Wired on YouTube

November 30, 2006

News: Wired’s December issue is on the newstands and it features YouTube on the cover, with a picture of Lonelygirl15. There are 2 excellent articles, (1) one about the YouTube phenomenon and (2) the other about Lonelygirl15. Wired’s website even has a video of the photo shoot with Lonelygirl15 (actress Jessica Rose).


Analysis:  Both articles are great reads.  I recommend both if you follow YouTube.  One thing I still don’t understand:  what exactly was or is the fascination with the Lonelygirl15 character??  I’ve surfed through some of the many Lonelygirl15 videos and yawned.

Disney exec complains about copyright infringement on YouTube

November 30, 2006

News: Disney exec Anne Sweeney said that YouTube needs to do more about copyright infringement. She found the current approach of having to complain to YouTube to take down infringing clips “inefficient,” but did not suggest that Disney would sue YouTube. (More from Reuters)

U2 on YouTube: Vertigo

November 29, 2006

Snakes on a plane? YouTube on cellphones?

November 28, 2006

News:  Verizon and YouTube announced a new deal to stream YouTube videos on Verizon cellphones for $15/month.  The service, called “VCast,” will offer only a limited, pre-selected number of videos approved by Verizon for content.  A YouTube spokeswoman said, “We’ll select content that has the broadest appeal and the highest entertainment value.” (more from NYT)

Analysis:  $15 sounds like a really high price tag to me (in addition to high cost of phone service).  I haven’t bought a new cellphone recently, but if the quality of streaming images is not that great, I wonder how many consumers will sign up.  On the other hand, as cellphones incorporate greater visual capability, the streaming of videos on cellphones seems to be a natural complement to the growing phenomenon of people recording videos on cellphones (as in the UCLA taser incident).  

German Chancellor vlogs on YouTube

November 27, 2006

News:  Wired critiques the videos of German Chancellor Angela Merkel, which are available on the German government site and, of course, on YouTube.  Wired reports:

“I don’t know who can take these seriously,” says Ivo Smolak, aka Ivo Lotion, a video artist and underground comedian whose spoofs of Merkel’s speeches have become a hit on YouTube. “I like her, but her body language is unintentionally so funny it’s just asking for satire. Maybe she just needs more time in front of the camera.” * * *

“Thursdays or Fridays, Merkel meets with a production crew and shoots for about 15 minutes somewhere in the German executive office building, sometimes using handheld cameras. Topics in the last few weeks have ranged from a heartfelt reaction to the kidnapping and murder of a 2-year-old child last month to snoozers on the “German-Polish relationship” and economic growth.”

Analysis:  Unbelievable, the head of a country youtubing!  I wish I understood German.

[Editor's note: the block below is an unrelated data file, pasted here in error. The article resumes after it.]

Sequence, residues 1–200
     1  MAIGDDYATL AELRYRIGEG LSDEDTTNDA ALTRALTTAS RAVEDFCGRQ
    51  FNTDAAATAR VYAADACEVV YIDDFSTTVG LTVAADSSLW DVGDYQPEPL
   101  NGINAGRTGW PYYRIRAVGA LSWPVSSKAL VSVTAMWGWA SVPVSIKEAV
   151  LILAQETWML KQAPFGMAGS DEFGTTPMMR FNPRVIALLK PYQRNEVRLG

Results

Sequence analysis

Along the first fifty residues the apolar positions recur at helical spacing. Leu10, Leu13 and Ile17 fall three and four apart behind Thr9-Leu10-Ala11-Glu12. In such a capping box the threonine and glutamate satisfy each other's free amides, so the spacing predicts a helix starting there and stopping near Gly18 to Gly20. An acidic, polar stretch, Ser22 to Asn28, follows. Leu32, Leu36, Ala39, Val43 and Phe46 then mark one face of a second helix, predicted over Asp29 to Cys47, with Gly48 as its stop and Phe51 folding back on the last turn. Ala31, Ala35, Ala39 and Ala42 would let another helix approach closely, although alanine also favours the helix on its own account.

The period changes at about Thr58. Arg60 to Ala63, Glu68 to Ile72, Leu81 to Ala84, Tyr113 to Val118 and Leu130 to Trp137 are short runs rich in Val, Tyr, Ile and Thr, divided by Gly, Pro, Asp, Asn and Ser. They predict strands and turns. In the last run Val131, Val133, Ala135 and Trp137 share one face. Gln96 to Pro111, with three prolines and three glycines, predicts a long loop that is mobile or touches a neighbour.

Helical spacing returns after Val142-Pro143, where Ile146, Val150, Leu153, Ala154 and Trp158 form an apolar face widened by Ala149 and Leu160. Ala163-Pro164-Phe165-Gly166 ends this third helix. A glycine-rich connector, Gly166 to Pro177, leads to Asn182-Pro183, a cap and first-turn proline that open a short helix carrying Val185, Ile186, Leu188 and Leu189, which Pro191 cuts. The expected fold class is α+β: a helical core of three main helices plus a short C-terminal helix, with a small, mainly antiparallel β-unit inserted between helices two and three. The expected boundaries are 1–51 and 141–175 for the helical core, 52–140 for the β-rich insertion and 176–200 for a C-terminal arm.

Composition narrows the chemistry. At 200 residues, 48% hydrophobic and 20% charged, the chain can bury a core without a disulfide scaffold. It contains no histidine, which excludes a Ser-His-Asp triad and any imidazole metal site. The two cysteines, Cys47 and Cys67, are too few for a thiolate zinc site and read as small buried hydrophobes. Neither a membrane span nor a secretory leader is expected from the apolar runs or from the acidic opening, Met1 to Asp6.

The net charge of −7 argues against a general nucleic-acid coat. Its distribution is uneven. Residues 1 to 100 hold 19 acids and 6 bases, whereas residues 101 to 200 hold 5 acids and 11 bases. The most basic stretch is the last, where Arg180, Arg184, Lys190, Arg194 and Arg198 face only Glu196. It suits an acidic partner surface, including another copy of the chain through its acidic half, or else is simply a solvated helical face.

Will YouTube replace TV?

November 27, 2006

News:  BBC has a survey of people in Britain who watch online videos.  46% of online viewers say they watch less TV (including 20% who say they watch a lot less TV).  However, online viewers only make up 9% of the British population (although it’s 28% among 16 to 24 year olds), and 54% of online viewers say they still watch the same amount of TV.

Analysis:  The key stat to me is the number of 16 to 24 year olds who watch online videos, 28%.  Advertisers covet the attention of that segment of the population, so one should hardly doubt that there’s a business to be made in online videos.

Is the world of “YouTube surveillance” going too far?

November 27, 2006

News:  The NYT reports an incident involving a high school student in Ottawa who provoked her teacher to get mad, so that another student could tape it and post it on YouTube.  The school got wind of the video and asked YouTube to remove it.  YouTube complied.  According to NYT, the teacher “is a 33-year veteran who specialized in teaching students with learning disabilities. The teacher is now on voluntary sick leave, and officials at his union say that he is so embarrassed that he may never return to class.” 

Analysis:  At least from the description in the article, I think the students were wrong for what they did, especially if they wanted their teacher to get mad so they could catch it on tape.  The article suggests that the teacher was a good teacher and supported by students.  Our lives will be drastically different if everything outside of our homes can be taped on video and posted on YouTube.  Although it’s true that video can catch inappropriate behavior and comments by politicians, police officers, and washed-up actors, there’s also a negative element to making everything fair game to video.   

UPDATE:  Michael Geist, a law professor in Canada, has a thoughtful article on the issuse.  In it, he writes:  “While there are some obvious benefits that arise from the transparency and potential accountability that can come from video evidence of controversial events, the emergence of an always-on video society raises some difficult questions about the appropriate privacy-transparency balance, the ethics of posting private moments to a global audience, and the responsibility of websites that facilitate Internet video distribution.”